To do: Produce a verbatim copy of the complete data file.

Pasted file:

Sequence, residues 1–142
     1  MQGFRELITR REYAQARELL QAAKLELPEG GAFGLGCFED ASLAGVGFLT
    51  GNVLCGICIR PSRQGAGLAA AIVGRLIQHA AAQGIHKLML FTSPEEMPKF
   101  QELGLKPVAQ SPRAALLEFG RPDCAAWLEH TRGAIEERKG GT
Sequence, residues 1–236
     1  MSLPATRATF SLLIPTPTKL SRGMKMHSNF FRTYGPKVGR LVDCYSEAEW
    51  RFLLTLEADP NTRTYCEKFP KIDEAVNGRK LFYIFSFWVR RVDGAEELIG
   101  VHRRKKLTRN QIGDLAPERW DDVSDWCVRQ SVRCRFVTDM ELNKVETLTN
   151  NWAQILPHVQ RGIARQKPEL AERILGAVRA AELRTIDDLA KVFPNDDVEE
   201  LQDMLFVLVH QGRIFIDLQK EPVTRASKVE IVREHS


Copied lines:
Sequence, residues 1–142
     1  MQGFRELITR REYAQARELL QAAKLELPEG GAFGLGCFED ASLAGVGFLT
    51  GNVLCGICIR PSRQGAGLAA AIVGRLIQHA AAQGIHKLML FTSPEEMPKF
   101  QELGLKPVAQ SPRAALLEFG RPDCAAWLEH TRGAIEERKG GT
Sequence, residues 1–236
     1  MSLPATRATF SLLIPTPTKL SRGMKMHSNF FRTYGPKVGR LVDCYSEAEW
    51  RFLLTLEADP NTRTYCEKFP KIDEAVNGRK LFYIFSFWVR RVDGAEELIG
   101  VHRRKKLTRN QIGDLAPERW DDVSDWCVRQ SVRCRFVTDM ELNKVETLTN
   151  NWAQILPHVQ RGIARQKPEL AERILGAVRA AELRTIDDLA KVFPNDDVEE
   201  LQDMLFVLVH QGRIFIDLQK EPVTRASKVE IVREHS